Senator the Hon. Mathias Cormann
Minister for Finance
Leader of the Government in the Senate
Senator for Western Australia
Date: Thursday, 23 July 2020
WALEED ALY: It is Finance Minister Mathias Cormann's job to get us on that road to economic recovery, so it is a good thing he joins us now. Thanks so much for your time Minister. These forecasts, as grim as they are, acre actually based on some optimistic expectations, like Victoria only being in lockdown for six weeks, New South Wales not going into lockdown at all, our international borders opening up next year. How realistic is all that?
MATHIAS CORMANN: Very important to remember that what we have provided today is an update in terms of the fiscal impact of the coronavirus crisis and the measures we have had to take so far. It is based on the best available information, but we are being quite candid about the fact that the economic and the health outlook is highly uncertain and there is likely to be volatility and fluidity moving forward.
EM RUSCIANO: Minister, what should our path to recovery look like?
MATHIAS CORMANN: We want to ensure that businesses around Australia have the confidence to invest into their future growth so that they can hire more Australians again. We want to protect as many jobs as we can. We want to keep as many jobs as we can. We want to restore as many jobs as we can as soon as soon possible and we want to create as many new jobs as possible as soon as possible. We have to go back to focusing on our strengths as a trading nation and we have to take comfort from the fact that on an international basis, we are in a better, stronger, more resilient position than most other countries around the world.
GORGI COGHLAN: Today you predicted peak unemployment of over nine per cent, so that is another 240,000 Aussies set to lose their jobs. Is it too early to be cutting JobSeeker rates?
MATHIAS CORMANN: We have provided crisis level temporary support over the initial six month period, over the next six month period as we start to enter into the recovery. We do have to get ourselves back into a situation as close as possible to normal. That is what we're working on sensibly. In the month of June, 280,000 people re-joined the labour market, workforce participation went up, hours worked went up, underemployment went down, 210,000 jobs were restored in the economy and we will continue to work to provide the right incentives for people to get back into the labour market.
WALEED ALY; And yet for all that, this is the most serious set of figures since World War II by your Government’s own admission. The economy in its toughest position since then, so just it seems a very strange time to be winding down some of the support and the stimulus that we have at the moment once we hit September. Why would you want to do that at this moment?
MATHIAS CORMANN: We are providing very significant stimulus into the economy in the 2020-21 financial year, but we are also making sure that we position the economy in the best possible way for the strongest possible recovery on the other side. Part of that involves providing appropriate incentives for people to get back into work as soon as possible.
WALEED ALY: Yesterday we learned that one of the main reasons we are seeing what we are in Victoria is that people are choosing to go to work when they should be getting tested and self-isolating because they do not have the leave. Back in March, the ACTU said that we needed pandemic leave for everyone so they would never have to make that decision and you would not get the health and economic consequences that flowed from all of that. Was it a mistake not to take that advice and implement something like that?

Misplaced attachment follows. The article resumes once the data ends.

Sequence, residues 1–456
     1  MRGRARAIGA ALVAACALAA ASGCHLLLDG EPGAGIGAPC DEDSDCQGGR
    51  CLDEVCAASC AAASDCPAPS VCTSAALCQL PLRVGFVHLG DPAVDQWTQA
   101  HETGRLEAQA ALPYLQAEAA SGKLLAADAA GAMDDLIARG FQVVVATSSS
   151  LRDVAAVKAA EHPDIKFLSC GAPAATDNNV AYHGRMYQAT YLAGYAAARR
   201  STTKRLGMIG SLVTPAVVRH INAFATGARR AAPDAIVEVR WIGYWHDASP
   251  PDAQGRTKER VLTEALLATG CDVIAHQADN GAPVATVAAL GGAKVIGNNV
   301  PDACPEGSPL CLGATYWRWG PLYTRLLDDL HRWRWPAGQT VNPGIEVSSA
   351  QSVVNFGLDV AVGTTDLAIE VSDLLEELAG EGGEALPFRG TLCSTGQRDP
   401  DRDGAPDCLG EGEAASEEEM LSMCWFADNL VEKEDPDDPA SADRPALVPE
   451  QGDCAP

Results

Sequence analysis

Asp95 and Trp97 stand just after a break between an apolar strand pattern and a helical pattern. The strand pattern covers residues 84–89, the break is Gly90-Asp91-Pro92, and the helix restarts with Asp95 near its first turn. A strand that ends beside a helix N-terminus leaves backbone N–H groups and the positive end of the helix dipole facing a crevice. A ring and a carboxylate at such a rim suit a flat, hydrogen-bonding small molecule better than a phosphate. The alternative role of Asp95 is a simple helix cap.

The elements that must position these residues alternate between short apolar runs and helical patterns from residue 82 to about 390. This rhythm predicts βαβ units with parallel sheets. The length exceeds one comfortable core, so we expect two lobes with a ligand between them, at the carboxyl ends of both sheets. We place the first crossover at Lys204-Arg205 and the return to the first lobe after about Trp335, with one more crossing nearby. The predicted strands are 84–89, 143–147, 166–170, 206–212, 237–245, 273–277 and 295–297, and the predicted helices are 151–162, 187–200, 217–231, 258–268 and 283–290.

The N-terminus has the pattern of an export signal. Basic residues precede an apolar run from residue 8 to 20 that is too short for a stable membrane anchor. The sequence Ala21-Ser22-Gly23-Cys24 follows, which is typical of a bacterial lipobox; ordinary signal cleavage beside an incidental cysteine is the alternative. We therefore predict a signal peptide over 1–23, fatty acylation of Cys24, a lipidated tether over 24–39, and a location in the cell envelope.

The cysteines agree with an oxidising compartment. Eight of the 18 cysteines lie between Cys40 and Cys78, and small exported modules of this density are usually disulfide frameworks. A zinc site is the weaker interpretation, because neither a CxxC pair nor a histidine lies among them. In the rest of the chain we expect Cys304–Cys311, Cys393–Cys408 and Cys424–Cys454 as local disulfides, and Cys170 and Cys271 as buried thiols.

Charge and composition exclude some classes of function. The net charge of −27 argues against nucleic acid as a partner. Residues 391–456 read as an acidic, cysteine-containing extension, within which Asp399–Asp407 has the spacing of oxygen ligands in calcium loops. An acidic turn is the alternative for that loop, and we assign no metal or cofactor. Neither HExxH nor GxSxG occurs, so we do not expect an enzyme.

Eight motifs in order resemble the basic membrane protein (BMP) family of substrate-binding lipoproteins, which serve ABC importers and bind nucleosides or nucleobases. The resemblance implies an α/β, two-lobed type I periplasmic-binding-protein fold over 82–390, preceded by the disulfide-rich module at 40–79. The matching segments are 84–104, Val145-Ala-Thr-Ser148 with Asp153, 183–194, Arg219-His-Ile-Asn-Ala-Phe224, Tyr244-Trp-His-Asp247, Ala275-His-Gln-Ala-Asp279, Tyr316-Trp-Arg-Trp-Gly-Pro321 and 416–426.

MATHIAS CORMANN: I do not accept that proposition. People around Australia, including Victoria, particularly right now in Victoria, should heed the health advice. There are supports available for people who need income support. To put forward a blanket proposition like that is not something that we thought was sensible at the time and at this point in time we do not believe it is something that is sensible at this point in time.
WALEED ALY: But hasn't it proven that it would be sensible? If we had something like that in place. Obviously, the figures we are seeing in Victoria would not be there and the economic hit we are taking would have been a lot less?
MATHIAS CORMANN: We are providing historically unprecedented crisis level temporary fiscal support, historically unprecedented. Lots of people want us to spend even more at the same time as pointing to what they describe as excessive levels of debt. We are making the best possible decisions in the context of a very difficult working environment. There is a limit to how much can be done. There are responsibilities here also for the Government in Victoria, given the circumstances that are playing out in the Victorian context.
PETER HELLIER: Of course, Mathias you have announced that you are leaving us….interrupted
MATHIAS CORMANN: Not just yet.
PETER HELLIER: Not us personally. Not just yet….interrupted
MATHIAS CORMANN: Not just yet. I am still here.
PETER HELLIER: Have you applied for JobSeeker yet? How did that go for you?
MATHIAS CORMANN: I have another few months to go. I have another Budget and another half yearly Budget update to work on. When we get towards Christmas, I will turn my mind to what I might appropriately do next. There is a lot of work to be done in the intervening period.
WALEED ALY: I tell you what, if JobSeeker goes up just before Mathias retires, it is going to be fascinating viewing. Minister, thank you very much for your time, we appreciate it.
MATHIAS CORMANN: Always good to talk to you.